Reach Us +1-947-333-4405
Towards The Development Of A Novel Vaccine For Trichuris Trichiura | 99976
ISSN: 2332-0877

Journal of Infectious Diseases & Therapy
Open Access

Our Group organises 3000+ Global Conferenceseries Events every year across USA, Europe & Asia with support from 1000 more scientific Societies and Publishes 700+ Open Access Journals which contains over 50000 eminent personalities, reputed scientists as editorial board members.

Open Access Journals gaining more Readers and Citations
700 Journals and 15,000,000 Readers Each Journal is getting 25,000+ Readers

This Readership is 10 times more when compared to other Subscription Journals (Source: Google Analytics)

Towards the development of a novel vaccine for Trichuris trichiura

Joint Event on 4th Annual Congress on Infectious Diseases & 5th International Conference on Neglected Tropical & Infectious Diseases

Ayat Zawawi, Andy Brass, Jeremy Derrick and Kathryn Else

The University of Manchester, UK

ScientificTracks Abstracts: J Infect Dis Ther

DOI: 10.4172/2332-0877-C3-044

Trichuris trichiura (whipworm) is a soil-transmitted helminth parasite that affects around 500 million people worldwide, resulting in disability and poor child development, especially in areas of poor hygiene and sanitation. The ideal vaccine to protect against T. trichiura in humans would include protein epitopes that elicit a protective T helper cell type 2 immune response. Herein, we used bioinformatics tools to identify candidate histocompatibility complex class II (MHC-II) molecule T cell epitopes from known Trichuris muris proteins selected using inclusion and exclusion criteria. T. muris is the murine whipworm that is closely related to the human pathogen making it a relevant model parasite. A number of prediction tools are available for the identification of peptides that bind to MHC II molecules. The lack of standardized methodology and the difficulty of MHC II epitope prediction make the selection of an appropriate prediction tool difficult. This study reports a systematic review to choose the most appropriate tools to predict MHC II epitopes. Subsequently, up to fifteen epitopes were predicted, from the selected T. muris proteins and expressed on Hepatitis B core antigen virus-like particles (HBc-Ag). HBc+ T cell epitopes were tested in vitro to address whether they activate antigen presenting cells. We also immunized normally susceptible mice with the HBc+ T cell epitopes prior to infection with T. muris to test the protective immune response in vivo. The predicted epitopes identified using the right combination of immunoinformatics and immunogenicity screening tools have the potential to bring T. trichiura to vaccine trial.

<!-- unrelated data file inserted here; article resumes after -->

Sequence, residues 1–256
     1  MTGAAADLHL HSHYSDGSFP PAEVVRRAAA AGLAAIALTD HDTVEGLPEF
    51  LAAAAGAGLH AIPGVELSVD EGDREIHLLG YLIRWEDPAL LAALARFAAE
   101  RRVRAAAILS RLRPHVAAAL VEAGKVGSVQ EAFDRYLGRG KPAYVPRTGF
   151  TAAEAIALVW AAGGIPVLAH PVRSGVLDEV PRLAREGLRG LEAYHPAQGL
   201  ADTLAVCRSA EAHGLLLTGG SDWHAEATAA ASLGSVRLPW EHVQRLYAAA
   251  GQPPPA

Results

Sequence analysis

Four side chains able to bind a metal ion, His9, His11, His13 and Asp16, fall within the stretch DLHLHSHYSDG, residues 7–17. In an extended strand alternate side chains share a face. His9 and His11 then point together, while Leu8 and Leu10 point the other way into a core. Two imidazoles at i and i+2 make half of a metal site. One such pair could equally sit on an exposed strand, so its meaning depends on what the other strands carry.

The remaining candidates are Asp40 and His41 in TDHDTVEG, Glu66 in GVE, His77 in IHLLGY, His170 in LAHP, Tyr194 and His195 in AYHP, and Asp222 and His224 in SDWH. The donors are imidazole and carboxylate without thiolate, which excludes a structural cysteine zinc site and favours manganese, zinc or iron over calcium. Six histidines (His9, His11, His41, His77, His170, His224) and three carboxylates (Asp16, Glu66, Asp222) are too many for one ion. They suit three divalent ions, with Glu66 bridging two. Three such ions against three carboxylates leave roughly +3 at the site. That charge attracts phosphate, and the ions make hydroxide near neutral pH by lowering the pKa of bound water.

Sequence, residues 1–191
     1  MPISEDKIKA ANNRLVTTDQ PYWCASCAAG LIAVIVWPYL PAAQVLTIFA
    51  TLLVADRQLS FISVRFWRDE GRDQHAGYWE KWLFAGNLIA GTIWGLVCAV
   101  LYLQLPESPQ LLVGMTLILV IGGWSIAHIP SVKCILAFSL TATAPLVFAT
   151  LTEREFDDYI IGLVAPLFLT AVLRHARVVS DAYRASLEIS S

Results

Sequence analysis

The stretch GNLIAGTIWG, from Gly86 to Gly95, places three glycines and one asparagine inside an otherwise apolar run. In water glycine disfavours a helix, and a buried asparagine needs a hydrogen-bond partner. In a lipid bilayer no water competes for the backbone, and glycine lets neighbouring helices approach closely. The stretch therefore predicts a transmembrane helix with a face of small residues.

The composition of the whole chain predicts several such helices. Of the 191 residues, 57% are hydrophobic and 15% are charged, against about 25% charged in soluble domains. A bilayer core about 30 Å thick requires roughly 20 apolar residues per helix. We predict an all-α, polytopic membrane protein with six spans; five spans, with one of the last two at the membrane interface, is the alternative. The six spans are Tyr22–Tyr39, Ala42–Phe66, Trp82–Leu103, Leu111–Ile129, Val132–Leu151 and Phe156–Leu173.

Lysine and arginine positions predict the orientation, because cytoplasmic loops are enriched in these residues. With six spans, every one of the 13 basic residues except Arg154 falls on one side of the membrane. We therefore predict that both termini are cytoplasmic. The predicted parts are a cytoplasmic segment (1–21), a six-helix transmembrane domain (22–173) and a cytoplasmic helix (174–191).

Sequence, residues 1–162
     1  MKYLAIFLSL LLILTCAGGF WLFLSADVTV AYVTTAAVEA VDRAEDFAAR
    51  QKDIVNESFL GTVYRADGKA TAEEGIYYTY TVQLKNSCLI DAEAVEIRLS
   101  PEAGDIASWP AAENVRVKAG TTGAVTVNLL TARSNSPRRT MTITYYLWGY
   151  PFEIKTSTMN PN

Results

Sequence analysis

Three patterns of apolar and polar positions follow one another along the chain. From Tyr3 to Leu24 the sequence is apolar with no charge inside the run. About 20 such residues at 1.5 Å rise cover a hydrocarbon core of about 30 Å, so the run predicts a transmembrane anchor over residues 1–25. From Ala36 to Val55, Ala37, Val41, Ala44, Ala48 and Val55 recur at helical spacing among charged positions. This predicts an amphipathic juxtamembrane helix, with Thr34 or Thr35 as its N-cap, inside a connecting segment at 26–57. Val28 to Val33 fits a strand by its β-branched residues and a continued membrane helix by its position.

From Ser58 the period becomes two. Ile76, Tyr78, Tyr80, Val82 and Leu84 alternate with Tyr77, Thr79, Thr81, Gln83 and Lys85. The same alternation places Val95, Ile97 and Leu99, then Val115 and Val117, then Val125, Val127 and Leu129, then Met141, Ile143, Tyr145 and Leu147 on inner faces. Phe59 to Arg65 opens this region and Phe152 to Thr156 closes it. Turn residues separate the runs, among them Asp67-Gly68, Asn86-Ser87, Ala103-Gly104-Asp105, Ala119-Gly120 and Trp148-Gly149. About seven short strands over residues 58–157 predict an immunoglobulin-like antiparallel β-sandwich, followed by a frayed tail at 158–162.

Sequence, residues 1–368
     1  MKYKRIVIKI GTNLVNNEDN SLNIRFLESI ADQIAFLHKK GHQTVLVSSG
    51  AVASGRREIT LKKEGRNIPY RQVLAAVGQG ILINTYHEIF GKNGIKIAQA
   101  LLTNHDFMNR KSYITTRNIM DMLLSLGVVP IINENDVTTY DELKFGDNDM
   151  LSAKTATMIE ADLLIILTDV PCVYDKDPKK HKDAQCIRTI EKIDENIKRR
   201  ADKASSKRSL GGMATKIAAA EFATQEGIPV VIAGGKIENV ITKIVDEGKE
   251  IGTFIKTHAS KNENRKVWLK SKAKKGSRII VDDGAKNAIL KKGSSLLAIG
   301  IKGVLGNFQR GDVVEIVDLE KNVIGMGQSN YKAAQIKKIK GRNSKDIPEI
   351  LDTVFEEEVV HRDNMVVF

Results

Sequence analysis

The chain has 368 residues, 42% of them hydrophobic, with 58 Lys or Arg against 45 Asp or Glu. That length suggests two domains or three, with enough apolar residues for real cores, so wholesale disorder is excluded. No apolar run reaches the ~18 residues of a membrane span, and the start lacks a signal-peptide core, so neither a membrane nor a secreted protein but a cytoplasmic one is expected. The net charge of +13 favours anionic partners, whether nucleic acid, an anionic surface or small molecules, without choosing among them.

Ayat Zawawi is a PhD student at the University of Manchester. She is a Lecturer at King Abdul-Aziz University in Jeddah, KSA, Faculty of Applied Medical Sciences.

E-mail: [email protected]


Relevant Topics